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Design thinking for equity in a national park: an interview with Sarah Minegar of the Morristown National Historical Park

Sarah Minegar

Sarah Minegar and colleagues examining primary documents. Image courtesy Morristown National Historical Park.

This month I interviewed Sarah Minegar, the Archivist and Museum Educator for the Morristown National Historical Park Museum & Library in Morristown, New Jersey. Sarah talked about the challenges of bringing design thinking into the National Park Service, adopting an audience-centered dialogue, and how design thinking can help create more equitable spaces.

Tell me about your role in the National Park Service?

We are the first national historical park in the National Park Service. I’m part of a curatorial team of three, and about 23 of us work in the museum. We’re small and we have fluid roles. I do the archives work, process special collections, and I’m also the museum educator.

How are you using design thinking?

I’ve been practicing design thinking for about four years now with my teacher partners to create innovative educational programming. I’m very interested in how we can decolonize some of our spaces and I have been actively focused on sharing the stage with teachers and adopting an audience-centered dialogue.

 

Prototyping with teachers

Teachers prototyping lesson plans and activities at Morristown National Historical Park Museum. Image courtesy Morristown National Historical Park.

We’ve transitioned from programming consisting of entirely staff-led offerings to teacher-staff co-led endeavors and teacher-led field trips and workshops. Instead of running informational workshops, I’ve been collaboratively prototyping lesson ideas with teachers so they become familiar with our resources and leave with something tangible.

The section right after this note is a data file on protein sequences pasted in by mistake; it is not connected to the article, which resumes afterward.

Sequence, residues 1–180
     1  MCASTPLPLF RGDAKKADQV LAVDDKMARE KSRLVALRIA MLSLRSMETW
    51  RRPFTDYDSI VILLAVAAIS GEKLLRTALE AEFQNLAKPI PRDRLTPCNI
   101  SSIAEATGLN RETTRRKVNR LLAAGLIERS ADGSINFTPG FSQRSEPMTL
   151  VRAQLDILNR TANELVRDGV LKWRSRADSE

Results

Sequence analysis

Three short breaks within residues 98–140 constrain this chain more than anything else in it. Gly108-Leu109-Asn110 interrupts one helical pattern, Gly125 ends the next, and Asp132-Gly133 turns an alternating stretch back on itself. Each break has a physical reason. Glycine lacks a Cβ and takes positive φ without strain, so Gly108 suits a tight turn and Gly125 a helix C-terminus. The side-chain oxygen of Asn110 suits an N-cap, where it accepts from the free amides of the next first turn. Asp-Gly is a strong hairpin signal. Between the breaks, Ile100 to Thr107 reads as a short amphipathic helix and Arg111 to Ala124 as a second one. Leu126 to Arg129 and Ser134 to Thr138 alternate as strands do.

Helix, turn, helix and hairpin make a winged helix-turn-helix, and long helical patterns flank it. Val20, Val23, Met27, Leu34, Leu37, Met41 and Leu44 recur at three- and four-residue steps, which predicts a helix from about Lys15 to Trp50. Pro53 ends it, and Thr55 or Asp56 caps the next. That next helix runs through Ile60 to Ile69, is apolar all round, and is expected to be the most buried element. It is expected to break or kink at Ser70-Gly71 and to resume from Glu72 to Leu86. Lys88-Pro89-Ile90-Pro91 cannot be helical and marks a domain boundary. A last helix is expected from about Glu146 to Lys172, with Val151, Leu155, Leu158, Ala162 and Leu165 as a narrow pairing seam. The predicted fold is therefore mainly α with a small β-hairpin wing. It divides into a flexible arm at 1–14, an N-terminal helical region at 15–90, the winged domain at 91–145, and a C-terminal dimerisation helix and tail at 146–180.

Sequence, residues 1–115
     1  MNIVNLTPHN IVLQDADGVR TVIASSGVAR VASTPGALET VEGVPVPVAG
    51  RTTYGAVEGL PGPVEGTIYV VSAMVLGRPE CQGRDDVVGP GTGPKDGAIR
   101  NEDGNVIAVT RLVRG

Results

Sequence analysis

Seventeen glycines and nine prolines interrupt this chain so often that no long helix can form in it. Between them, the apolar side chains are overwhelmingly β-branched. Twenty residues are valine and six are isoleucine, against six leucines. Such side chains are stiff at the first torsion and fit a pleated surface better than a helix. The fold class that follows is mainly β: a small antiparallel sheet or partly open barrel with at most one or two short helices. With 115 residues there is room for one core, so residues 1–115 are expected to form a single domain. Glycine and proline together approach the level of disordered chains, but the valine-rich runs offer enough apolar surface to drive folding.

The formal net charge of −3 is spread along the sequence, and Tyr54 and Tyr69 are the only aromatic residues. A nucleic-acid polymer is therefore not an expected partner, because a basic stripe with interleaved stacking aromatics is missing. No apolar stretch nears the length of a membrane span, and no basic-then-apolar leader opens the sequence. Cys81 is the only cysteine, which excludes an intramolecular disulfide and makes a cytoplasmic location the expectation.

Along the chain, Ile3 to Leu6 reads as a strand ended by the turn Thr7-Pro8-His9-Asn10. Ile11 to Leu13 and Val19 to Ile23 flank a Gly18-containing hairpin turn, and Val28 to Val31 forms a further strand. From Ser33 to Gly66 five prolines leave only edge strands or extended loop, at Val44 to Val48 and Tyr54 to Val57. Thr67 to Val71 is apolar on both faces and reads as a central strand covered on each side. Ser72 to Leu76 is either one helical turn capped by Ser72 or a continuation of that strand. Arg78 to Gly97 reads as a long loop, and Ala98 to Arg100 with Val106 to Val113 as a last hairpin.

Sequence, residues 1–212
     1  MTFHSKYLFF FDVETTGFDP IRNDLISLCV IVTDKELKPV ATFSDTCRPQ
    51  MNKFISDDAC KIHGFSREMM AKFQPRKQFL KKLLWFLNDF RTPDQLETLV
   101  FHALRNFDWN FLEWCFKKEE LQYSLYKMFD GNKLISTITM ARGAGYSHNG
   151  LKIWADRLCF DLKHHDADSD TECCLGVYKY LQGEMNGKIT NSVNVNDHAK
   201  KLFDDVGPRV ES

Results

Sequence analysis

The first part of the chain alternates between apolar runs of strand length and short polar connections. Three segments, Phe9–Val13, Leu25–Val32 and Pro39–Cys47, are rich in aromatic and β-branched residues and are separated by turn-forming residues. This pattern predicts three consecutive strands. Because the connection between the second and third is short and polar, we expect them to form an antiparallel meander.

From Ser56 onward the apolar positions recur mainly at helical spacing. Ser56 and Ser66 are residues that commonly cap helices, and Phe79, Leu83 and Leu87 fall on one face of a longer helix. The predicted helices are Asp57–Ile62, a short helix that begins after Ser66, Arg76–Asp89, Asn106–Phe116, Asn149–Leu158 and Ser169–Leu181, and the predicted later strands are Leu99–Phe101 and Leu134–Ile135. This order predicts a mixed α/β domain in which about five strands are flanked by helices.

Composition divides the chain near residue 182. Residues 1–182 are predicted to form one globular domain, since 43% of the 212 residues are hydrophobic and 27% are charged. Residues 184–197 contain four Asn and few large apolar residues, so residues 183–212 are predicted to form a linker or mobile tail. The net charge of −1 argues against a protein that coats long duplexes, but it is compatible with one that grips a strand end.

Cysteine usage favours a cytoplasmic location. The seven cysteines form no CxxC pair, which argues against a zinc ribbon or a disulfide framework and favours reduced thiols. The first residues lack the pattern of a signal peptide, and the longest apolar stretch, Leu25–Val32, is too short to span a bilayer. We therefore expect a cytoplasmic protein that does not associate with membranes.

And you know what? When I include stakeholders (teachers) in the process, 99% of them return with their students and participate! In the past, when I ran a massive informational-style workshop for 75 teachers, only two teachers would come back, even after I got feedback that they loved the professional development.

I’ve also used design thinking to discover gaps in our program here at Morristown. This is why I sometimes call design thinking “problem finding.” It illuminates issues and ideas we hadn’t even recognized as gaps in our program.

I really love the inclusive and iterative approach of design thinking. Not only do I have permission to mess up and try again and do better, design thinking mandates this.

Sarah Minegar, Morristown National Historical Park


What’s an example of how you’ve used design thinking to find gaps in your program?

A couple of years ago, we were noticing a continual decline in student engagement and habitual distraction, so I set out to explore this with my student interns. And we uncovered so much beyond “student distraction.”

We invite classes here to this learning space, but we would start in the auditorium and reproduce a traditional classroom dynamic. Then we would bring out a worksheet and ask the students to work on document analysis of a primary document — often one that was in cursive, something that many of these students are not learning in school. We were giving them so many things to do out of their normal classroom, and then we’d say, “Oh, they aren’t focused!”

We started to realize that there were issues of learning intimidation, relevance, and trust, and we had insights into some low-hanging changes we could make to could have a big impact. For example, to break the traditional “classroom layout,” we arranged the chairs in a circle to keep energy and attention. This was a change I could make with no budget. And now we have a more equitable space, not one that says “I’m the expert up front.”

Students seated in a circle

Changing the traditional classroom layout. Image courtesy Morristown National Historical Park.